By Gail Rubin
Embalming is one of the “ickier” aspects of funerals that keep people from considering funeral planning in advance. That’s a shame, because no state laws require embalming. It comes down to the question of viewing.
The advent of embalming, and its use during the Civil War, changed the course of funeral practice in the United States. It set the U.S. funeral industry apart from the rest of the world.
Dr. Thomas Holmes, one of the founding fathers of embalming, experimented with various fluids while working as a doctor and coroner’s assistant in New York City during the 1840s and 1850s. He’s also considered the inventor of the injection pump for the arterial method of embalming.
Embalming was first utilized broadly in the United States during the Civil War. Back then, surgeon-embalmers utilized chemical compounds, including mercury and arsenic, to preserve soldiers’ bodies long enough to ship them from the battlefield to their hometowns.
Embalming involves draining the blood and replacing it with a chemical solution that includes formaldehyde and other antibacterial fluids that sanitize microbes in the body. This slows down, but does not stop, the process of decomposition.
Most funeral directors require embalming if the body will be put on display for viewing. It’s a misconception that this absolutely must be done. Federal Trade Commission’s Funeral Rule of 1984 dictates disclosure that embalming is not required.
Refrigeration will suffice if the viewing is just for the immediate family and for 30 minutes or less. Refrigeration can adequately preserve a body for up to four days before burial.
Some religious traditionally avoid embalming and bury the body within 24 hours. This practice originates in a hot desert culture before the advent of refrigeration. Without cooling, a body starts to decompose within the first 24 hours after death.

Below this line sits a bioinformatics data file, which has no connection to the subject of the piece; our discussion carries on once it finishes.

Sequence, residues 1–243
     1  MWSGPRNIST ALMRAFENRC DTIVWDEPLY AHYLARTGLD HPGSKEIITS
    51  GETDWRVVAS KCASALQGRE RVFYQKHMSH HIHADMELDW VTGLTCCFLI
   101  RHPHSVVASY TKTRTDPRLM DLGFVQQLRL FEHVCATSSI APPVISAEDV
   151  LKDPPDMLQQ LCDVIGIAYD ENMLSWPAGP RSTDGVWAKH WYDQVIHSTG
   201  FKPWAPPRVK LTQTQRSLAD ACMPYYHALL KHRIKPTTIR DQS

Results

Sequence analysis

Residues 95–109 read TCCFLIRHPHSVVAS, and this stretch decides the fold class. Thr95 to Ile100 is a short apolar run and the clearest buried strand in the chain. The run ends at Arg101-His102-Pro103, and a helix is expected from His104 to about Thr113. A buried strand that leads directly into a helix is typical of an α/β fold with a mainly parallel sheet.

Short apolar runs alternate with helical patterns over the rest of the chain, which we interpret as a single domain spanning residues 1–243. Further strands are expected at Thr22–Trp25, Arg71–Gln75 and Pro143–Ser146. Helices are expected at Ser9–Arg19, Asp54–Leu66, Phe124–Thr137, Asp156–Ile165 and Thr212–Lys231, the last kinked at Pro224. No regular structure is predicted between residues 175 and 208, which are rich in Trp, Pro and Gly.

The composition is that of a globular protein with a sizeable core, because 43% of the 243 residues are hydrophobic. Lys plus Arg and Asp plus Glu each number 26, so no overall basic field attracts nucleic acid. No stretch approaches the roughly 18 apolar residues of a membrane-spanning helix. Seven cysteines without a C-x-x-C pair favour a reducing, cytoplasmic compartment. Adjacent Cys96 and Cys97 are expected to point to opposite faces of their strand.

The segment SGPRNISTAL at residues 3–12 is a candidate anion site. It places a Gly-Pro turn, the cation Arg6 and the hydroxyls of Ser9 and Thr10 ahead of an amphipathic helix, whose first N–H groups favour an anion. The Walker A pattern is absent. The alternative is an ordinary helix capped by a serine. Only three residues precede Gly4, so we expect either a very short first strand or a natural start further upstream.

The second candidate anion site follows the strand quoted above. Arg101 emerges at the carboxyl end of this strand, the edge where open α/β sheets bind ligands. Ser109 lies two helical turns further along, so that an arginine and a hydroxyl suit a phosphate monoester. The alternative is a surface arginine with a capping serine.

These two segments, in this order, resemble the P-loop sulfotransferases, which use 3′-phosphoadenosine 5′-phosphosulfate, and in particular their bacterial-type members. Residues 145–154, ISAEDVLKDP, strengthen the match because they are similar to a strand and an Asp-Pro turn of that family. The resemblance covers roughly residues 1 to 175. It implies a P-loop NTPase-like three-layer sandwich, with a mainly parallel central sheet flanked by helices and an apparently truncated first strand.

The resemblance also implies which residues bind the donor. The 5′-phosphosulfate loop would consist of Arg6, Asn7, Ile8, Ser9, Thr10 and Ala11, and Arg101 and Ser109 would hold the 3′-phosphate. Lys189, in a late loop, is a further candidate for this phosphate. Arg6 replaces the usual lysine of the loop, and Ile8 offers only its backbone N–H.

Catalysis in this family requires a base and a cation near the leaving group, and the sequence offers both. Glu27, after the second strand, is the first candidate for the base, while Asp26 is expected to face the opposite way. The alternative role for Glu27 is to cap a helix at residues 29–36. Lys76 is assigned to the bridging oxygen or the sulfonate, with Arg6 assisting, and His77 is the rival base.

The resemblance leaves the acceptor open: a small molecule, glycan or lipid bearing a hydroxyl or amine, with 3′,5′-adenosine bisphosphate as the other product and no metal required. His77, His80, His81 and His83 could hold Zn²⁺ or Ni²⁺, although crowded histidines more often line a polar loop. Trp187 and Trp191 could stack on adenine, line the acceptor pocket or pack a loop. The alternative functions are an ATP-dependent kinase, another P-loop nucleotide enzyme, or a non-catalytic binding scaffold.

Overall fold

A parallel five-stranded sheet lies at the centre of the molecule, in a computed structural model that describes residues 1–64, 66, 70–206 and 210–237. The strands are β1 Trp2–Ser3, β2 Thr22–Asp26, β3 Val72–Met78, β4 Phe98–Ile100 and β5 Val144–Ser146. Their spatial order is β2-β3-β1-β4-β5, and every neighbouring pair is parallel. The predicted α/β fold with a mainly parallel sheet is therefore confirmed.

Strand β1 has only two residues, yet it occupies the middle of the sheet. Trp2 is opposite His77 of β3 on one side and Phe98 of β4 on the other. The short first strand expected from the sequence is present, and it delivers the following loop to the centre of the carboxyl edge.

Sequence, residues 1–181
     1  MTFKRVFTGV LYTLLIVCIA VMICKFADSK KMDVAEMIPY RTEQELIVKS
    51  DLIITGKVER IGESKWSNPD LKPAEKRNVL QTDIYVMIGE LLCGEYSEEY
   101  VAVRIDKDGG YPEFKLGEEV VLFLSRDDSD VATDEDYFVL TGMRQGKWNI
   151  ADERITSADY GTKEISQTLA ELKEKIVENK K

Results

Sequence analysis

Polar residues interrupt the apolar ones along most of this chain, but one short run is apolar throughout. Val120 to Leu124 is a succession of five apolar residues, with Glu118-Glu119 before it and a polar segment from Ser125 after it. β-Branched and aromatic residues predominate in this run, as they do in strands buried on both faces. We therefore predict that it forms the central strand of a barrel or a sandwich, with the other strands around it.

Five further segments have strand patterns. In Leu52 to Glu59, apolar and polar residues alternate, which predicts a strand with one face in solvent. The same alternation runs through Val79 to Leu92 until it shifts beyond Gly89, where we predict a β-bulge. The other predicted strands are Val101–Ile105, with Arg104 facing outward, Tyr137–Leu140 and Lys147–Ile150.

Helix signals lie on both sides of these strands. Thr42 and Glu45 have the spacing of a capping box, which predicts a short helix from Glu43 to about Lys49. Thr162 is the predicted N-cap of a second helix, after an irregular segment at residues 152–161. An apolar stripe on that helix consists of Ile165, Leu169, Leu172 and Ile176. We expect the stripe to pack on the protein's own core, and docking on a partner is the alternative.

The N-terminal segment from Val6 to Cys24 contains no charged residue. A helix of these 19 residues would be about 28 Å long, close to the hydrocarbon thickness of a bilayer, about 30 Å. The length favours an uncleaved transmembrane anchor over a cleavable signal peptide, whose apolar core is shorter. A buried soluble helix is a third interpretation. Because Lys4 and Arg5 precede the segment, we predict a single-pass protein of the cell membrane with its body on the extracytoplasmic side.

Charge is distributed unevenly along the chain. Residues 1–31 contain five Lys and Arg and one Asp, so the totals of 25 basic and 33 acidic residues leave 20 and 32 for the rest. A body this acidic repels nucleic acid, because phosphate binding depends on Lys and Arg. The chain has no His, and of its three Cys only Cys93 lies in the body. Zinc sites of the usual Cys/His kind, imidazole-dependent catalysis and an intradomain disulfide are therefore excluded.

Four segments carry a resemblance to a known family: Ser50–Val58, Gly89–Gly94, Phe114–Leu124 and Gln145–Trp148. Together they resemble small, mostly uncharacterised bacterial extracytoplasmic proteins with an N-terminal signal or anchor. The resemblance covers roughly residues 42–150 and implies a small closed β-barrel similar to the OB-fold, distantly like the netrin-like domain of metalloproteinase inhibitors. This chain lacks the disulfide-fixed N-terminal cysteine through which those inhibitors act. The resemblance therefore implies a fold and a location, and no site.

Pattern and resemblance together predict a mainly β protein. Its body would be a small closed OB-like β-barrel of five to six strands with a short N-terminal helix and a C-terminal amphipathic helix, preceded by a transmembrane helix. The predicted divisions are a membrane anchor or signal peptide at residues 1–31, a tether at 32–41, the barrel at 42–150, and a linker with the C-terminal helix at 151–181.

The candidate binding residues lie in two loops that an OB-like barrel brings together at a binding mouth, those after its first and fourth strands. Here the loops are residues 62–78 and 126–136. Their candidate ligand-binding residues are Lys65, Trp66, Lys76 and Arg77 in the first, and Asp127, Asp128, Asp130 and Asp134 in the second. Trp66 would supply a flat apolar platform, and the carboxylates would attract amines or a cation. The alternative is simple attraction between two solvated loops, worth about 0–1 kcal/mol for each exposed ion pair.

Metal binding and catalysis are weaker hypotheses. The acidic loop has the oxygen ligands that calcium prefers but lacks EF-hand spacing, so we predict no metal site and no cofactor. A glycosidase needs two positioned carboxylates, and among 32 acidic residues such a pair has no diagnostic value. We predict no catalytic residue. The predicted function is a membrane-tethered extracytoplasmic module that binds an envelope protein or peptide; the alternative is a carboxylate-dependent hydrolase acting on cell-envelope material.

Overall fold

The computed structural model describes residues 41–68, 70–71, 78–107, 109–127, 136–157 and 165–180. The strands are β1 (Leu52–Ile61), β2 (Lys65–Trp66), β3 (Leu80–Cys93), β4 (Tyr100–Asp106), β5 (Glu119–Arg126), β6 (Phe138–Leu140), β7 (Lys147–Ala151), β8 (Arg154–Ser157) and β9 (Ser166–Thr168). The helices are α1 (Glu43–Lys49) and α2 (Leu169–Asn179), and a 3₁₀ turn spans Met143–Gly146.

Many funeral homes have refrigeration units, especially those that offer Jewish funerals. Mortuaries that offer green burial are also likely to have refrigeration units.
The judicious use of dry ice is another option to keep a body refrigerated at a funeral home, during ground transportation, or in a private home. Care must be taken to provide plenty of fresh air in the room. Dry ice is a solid form of carbon dioxide, and without adequate ventilation it can cause asphyxiation as the dry ice evaporates.
Don’t let the fear of embalming keep you from this important aspect of planning. Funeral planning before there’s a death helps the family save money, avoid stress at a time of grief, and allows time to create a meaningful, memorable “good goodbye.”
Gail Rubin is a Certified Celebrant and speaker who brings light to a dark subject and helps get funeral planning conversations started. Her book, A Good Goodbye: Funeral Planning for Those Who Don’t Plan to Die, has won multiple awards. She’s also written Hail and Farewell: Cremation Ceremonies, Templates and Tips and Kicking the Bucket List: 100 Downsizing and Organizing Things to Do Before You Die.